Sadly, not merely a dearth of support but an active public resistance to pro-Israeli sentiments has been my own daily reality since the recent Hamas attack on Israel. This time, as previously, when I actively posted about Israel, especially on X—and I always do it with love and support—I have lost followers, and especially from among writers and academics. What does this melancholy fact tell you?

Israel and Israelis face an existential crisis. Of course, the romantics in some of us want to get on the plane and volunteer in Israel. But this may not be a viable option for many of us who think of Israel’s troubles as our own troubles. Let’s temporarily put romantic heroism on hold and don our pragmatic hats. What can we do to help? I have three uncomplicated suggestions.

The first is the most obvious one, but it will probably make the biggest difference. We can help financially. Israel’s is hardly a poor nation, but it’s resources are strained. So please donate money, but just make sure the outlets you’re using are solid and reputable.

The second way we can help is by breaking the silence and the isolation, by speaking out in Israel’s support. This is not the time of balanced historical arguments and intellectual contemplation. I loved a recent statement by my colleague, namesake and fellow ex-Soviet Jew Maxim Matusevich, a leading historian of Soviet-African relations and a professor at Seton Hall University. Matusevich’s mother lives in Ashkelon, her building faces Gaza, and she refuses to leave. On 9 October 2023 he posted on Facebook: “Death toll surpasses 700, over 2000 wounded, of those over 300 severely. […] It’s 2023. Jews were executed in and outside their homes. Jews were executed at a rave party. Dozens of women, children, and the elderly were force marched into Gaza. […] Don’t be silent. Don’t engage in whataboutism. Don’t overintellectualize intentional mass murder and extreme cruelty. There are situations in life, which require moral clarity. This is one of them.” I agree completely, and I also want to add that we’re not only surrounded by the morbid silences of academics, public figures, and members of the artistic intelligentsia. We also face a special challenge in the stance of Israeli intellectuals on the radical left, especially those living outside Israel and teaching at American, Canadian, and European universities, who regard Israel as guilty by default and dispute the documented evidence of the crimes of Hamas. An Israeli relative recently sent me a short beat-by-beat video about the massacres in southern Israel. After I shared it on social media, another Israeli referred to it as Israeli “government propaganda.” I immediately got in touch with my cousin in Holon. He fired back: “I know the name of the girl in the video […] a beautiful Jewish girl […] she was brutally murdered.” Solidarity with Israel also means sharing documenting evidence, however graphic its contents, and letting members of your communities see it.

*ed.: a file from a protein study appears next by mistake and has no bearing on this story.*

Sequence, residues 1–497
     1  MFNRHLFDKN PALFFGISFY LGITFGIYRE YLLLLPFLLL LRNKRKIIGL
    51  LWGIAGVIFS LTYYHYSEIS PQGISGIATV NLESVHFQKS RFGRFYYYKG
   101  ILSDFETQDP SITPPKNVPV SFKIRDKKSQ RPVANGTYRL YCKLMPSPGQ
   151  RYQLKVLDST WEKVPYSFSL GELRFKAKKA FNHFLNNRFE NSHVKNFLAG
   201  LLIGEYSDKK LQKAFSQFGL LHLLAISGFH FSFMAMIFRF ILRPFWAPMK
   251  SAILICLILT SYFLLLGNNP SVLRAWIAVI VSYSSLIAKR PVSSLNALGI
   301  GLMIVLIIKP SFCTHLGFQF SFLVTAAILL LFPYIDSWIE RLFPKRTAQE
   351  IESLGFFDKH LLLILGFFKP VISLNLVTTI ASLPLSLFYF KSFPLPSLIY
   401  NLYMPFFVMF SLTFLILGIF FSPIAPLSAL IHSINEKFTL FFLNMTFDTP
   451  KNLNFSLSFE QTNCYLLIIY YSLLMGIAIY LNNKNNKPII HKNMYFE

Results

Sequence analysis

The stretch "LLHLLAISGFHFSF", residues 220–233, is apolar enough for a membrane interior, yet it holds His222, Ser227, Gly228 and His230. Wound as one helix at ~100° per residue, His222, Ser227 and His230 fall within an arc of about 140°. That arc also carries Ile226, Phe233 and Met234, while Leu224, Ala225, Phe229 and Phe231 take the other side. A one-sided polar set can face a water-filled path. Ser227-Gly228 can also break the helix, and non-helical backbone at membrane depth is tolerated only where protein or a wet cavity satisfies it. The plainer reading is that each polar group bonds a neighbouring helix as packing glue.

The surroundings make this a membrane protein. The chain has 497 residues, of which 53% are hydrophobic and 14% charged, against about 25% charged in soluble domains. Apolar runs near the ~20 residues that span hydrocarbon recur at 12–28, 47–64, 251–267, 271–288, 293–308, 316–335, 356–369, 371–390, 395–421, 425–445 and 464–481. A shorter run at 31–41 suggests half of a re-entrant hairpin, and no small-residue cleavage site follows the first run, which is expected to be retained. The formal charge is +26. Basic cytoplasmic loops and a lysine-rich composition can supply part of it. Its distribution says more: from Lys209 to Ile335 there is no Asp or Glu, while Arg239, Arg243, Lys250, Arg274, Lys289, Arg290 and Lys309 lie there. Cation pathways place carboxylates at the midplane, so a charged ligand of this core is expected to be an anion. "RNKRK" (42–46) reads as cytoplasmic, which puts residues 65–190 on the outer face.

Solidarity with Israel also means sharing documenting evidence, however graphic its contents, and letting members of your communities see it.

The response to the war in Israel has proved, yet again, that silence is acquiescence. This dearth of outcry in support of Israel also brings to mind the years that immediately followed the end of World War 2 and the Shoah, when the suffering and devastation of European Jews was often seen as “another’s woe” and ignored. The Russian-language expression chuzhoe gore (“another’s woe”) appeared in a 1944 poem by Ilya Ehrenburg, the leading anti-Nazi polemicist, who also compared the woe of Jewish survivors to a ”gadfly.” What Ehrenburg implied, referencing Plato’s words about Socrates, is that Jews often ask the kinds of questions that make people cringe, upset the status quo, or call on governments and fellow citizens to act.

Hence my third simple suggestion: that we all become gadflies at the service of Israel, become the sources of both knowledge and discomfort as we all scream, intone or just speak in support of Israel. How exactly one elects to support Israel would stem from their sense of both the poetics and the prosaics of everyday life.

And so in closing, allow me to commit a truism by repeating these words: Don’t be silent. Stay with Israel. Show your support any way you can. Talk to a neighbor about your family and friends in Israel. Talk to your mail carrier or your kids’ soccer coach. Just talk about it. Don’t be silent. Display the white and blue flag with a star of David in your window. Pin it to your social media profile. Fly an Israeli flag in your back yard.


Maxim D. Shrayer is the author, most recently, of the memoir “Immigrant Baggage” and a Professor at Boston College.